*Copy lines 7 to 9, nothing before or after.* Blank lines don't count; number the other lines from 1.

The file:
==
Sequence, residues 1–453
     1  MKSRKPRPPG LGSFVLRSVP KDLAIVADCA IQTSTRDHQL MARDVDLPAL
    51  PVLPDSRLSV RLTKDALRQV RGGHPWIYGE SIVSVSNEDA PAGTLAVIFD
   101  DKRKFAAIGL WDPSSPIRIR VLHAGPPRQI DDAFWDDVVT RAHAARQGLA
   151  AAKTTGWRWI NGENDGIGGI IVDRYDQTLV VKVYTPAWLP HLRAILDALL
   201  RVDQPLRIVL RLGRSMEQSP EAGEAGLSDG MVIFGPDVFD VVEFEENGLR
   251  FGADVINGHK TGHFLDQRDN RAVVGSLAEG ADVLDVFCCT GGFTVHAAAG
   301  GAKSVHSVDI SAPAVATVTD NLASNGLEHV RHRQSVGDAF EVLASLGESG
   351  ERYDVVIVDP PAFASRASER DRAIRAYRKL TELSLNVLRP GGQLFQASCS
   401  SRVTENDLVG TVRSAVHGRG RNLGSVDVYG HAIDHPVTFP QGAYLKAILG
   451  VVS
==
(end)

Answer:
   251  FGADVINGHK TGHFLDQRDN RAVVGSLAEG ADVLDVFCCT GGFTVHAAAG
   301  GAKSVHSVDI SAPAVATVTD NLASNGLEHV RHRQSVGDAF EVLASLGESG
   351  ERYDVVIVDP PAFASRASER DRAIRAYRKL TELSLNVLRP GGQLFQASCS